< Our insights

Favourite ads from our youth

Published Jul 28, 2022 – By Wardour

Contemporary art collage. Teen girl sitting in front of retro tv set.

Levi 501, Shrink-to-fit

As a twenty-three-year-old gay man in 1985 this felt like a revolutionary advertisement. It appeared on our screens four years into the AIDS pandemic. Homophobia was rife and people were fighting for their rights and their lives. In troubled times, this advert felt like a celebration of male beauty. Whether intended or not it felt like it was saying it’s OK to find men beautiful. The viewer, whatever their sexuality, is challenged to look and cannot deny the aesthetic loveliness of Nick Kamen. 
Julian Thomas, Planning Director  


Milky Way

This one featured a red car and a blue car that had a race – the blue car takes the Milky Way road and ultimately wins the race. Me and my sister would pretend to be the red and blue cars which I’ll always remember!
Nigel Peters, Senior Developer


Empire Carpets

There was a commercial for Empire Carpets that played on local Chicago television channels from the 1970s well into the 1990s. The commercials themselves were seriously low-budget, but the ‘Empire Man’ was this friendly-looking guy with a tidy moustache and a gentle demeanour, who would talk you through the benefits of hiring Empire over any other carpet company. It was ‘us vs. them’. He just made the decision sound so sensible, a no-brainer. Generations of Chicagoans must have ordered Empire expecting the Empire man himself to show up. And then there was the simple phone number-based jingle, which my whole family can still easily sing upon request: “Five eight eight, two three-hundred, EMPIRE!” Even after all these years, if I moved back to Chicago I’d be hard pressed to hire any other company to lay my carpet!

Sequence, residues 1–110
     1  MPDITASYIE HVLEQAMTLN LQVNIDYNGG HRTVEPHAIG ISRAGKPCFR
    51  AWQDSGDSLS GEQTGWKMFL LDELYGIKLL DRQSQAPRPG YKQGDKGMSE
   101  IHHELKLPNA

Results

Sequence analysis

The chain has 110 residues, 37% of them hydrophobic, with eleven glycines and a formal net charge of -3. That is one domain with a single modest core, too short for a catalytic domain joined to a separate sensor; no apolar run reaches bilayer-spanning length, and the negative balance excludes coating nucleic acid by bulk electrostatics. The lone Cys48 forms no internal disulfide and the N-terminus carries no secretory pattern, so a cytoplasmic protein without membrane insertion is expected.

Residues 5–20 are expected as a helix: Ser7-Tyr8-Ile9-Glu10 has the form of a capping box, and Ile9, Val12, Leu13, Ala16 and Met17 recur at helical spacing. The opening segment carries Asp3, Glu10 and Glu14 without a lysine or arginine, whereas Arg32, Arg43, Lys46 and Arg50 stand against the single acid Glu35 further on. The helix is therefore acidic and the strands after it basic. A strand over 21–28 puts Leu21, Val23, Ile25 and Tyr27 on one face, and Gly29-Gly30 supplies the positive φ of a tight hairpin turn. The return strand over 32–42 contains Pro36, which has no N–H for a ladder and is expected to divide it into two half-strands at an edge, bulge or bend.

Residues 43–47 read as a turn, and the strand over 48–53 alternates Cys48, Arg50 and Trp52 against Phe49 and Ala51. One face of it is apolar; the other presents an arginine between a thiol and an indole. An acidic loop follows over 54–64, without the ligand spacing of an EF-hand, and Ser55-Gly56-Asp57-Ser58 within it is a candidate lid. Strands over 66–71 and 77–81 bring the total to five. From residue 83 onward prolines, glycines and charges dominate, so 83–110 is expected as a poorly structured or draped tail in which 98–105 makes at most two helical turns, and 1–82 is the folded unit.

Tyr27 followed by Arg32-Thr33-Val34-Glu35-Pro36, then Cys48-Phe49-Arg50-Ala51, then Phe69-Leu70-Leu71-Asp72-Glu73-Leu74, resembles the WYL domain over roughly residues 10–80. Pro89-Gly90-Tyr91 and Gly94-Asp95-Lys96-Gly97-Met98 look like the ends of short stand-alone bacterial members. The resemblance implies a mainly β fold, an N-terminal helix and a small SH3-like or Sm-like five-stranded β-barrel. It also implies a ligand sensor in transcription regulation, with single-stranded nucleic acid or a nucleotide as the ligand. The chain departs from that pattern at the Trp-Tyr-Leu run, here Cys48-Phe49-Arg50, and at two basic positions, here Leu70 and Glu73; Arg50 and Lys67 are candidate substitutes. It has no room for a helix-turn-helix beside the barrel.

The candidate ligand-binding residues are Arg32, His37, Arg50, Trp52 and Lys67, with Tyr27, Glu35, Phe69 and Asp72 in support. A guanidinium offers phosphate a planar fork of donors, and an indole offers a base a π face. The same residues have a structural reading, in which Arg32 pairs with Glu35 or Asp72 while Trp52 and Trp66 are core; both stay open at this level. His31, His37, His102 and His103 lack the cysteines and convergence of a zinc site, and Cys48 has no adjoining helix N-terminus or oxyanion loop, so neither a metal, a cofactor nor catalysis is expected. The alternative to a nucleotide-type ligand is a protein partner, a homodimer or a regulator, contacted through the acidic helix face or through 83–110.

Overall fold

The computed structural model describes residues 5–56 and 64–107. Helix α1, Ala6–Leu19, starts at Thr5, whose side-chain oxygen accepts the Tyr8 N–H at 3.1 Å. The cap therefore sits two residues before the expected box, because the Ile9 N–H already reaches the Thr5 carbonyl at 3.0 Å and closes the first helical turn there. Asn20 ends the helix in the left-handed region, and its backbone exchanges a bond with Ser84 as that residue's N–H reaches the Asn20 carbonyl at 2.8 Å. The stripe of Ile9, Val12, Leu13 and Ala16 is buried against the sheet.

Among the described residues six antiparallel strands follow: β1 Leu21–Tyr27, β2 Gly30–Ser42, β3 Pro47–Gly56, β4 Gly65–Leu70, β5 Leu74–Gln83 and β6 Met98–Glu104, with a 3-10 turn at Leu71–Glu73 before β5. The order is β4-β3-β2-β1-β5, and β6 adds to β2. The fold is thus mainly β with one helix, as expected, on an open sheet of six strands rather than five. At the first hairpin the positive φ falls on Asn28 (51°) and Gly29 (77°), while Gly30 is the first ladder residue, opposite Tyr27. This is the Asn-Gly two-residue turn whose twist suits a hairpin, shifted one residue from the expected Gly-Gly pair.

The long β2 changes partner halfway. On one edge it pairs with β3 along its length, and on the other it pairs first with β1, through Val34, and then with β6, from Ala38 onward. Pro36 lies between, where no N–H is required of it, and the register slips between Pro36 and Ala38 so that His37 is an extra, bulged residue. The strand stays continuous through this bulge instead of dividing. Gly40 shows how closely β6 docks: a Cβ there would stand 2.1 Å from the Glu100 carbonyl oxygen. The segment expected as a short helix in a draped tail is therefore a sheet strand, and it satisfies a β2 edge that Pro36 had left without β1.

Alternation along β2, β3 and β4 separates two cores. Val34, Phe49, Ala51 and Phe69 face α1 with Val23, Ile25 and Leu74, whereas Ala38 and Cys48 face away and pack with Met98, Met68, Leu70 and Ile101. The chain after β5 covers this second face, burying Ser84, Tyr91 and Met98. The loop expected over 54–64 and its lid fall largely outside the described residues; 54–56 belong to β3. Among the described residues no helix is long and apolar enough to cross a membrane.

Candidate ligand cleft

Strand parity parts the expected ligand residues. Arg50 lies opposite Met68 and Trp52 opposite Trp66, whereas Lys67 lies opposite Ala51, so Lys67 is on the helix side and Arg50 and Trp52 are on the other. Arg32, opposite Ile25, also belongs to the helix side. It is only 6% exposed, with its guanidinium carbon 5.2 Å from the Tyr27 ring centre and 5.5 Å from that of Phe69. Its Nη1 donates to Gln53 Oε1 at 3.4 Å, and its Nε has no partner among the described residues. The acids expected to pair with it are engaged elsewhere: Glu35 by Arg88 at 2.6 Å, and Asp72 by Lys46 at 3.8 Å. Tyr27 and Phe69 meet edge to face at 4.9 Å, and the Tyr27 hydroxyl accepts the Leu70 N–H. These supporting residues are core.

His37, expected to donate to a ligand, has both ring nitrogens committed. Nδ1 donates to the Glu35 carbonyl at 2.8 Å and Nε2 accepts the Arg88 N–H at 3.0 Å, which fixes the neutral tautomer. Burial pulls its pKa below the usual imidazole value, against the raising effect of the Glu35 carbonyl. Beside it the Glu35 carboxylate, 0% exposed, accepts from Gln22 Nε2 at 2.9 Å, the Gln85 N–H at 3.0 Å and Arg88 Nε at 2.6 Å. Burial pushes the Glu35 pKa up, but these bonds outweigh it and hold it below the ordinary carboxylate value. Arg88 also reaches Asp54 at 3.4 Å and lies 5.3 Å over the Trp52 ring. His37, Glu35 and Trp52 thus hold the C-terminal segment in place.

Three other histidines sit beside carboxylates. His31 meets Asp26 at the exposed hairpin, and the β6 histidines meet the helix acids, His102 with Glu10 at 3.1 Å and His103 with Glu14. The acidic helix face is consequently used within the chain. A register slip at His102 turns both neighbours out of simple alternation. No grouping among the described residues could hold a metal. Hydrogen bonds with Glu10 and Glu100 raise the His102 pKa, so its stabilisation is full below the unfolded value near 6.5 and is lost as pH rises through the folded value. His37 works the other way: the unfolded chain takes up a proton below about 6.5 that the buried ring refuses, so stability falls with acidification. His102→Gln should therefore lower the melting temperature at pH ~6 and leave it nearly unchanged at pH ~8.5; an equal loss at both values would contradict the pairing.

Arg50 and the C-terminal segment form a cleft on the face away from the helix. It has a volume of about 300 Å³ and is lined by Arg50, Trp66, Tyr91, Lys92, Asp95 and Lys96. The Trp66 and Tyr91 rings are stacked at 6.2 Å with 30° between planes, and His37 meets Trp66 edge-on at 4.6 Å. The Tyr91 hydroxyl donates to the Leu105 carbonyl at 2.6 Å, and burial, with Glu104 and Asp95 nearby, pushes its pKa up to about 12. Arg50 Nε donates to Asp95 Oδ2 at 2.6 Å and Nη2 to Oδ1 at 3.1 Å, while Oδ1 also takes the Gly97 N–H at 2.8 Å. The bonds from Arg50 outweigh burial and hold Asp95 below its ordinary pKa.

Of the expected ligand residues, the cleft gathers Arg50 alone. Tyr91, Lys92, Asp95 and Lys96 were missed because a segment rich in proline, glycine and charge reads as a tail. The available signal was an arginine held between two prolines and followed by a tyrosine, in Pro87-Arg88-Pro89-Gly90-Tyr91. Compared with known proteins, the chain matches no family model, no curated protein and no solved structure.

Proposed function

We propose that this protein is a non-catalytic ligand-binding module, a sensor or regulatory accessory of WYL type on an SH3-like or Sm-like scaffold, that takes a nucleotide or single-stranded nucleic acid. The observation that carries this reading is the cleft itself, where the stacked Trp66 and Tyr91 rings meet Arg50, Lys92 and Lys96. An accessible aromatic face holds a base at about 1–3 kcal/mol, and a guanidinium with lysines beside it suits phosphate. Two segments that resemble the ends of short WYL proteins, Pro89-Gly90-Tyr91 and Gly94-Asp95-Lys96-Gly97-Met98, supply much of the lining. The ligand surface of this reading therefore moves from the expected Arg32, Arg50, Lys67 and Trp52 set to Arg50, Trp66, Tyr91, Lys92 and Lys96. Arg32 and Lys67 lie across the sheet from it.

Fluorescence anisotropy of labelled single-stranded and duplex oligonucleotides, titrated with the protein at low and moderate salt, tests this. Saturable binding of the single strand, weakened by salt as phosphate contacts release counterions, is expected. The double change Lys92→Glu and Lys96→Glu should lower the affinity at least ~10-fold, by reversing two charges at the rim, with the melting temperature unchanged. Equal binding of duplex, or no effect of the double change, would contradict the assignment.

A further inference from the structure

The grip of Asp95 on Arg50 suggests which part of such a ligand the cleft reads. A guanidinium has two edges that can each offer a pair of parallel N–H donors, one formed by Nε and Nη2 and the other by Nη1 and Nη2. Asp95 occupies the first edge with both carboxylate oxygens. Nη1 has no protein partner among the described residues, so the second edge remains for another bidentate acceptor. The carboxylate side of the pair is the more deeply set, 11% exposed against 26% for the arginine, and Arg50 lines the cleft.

Leah Clarkson, Content Creator  


It might not be the most creative, but the slinky advert from the mid-’90s was a childhood favourite. The catchy theme song and mesmerising footage of the slinky travelling down almost anything was enough to make my brother and I insist we got one as soon as possible!
Jasmin Southgate, Content Creator


Fast forward to today and perhaps ads don’t have the same long-lasting impact. This might have something to do with the amount of content we see daily, from sponsored ads to general content on Instagram or Facebook. The ads mentioned will be forever remembered, but will the ads of now be remembered in years to come too? 

If you’d like to have an informal chat about how Wardour can help with your marketing and communications, pop us an email at hello@wardour.co.uk – we’d love to speak to you.

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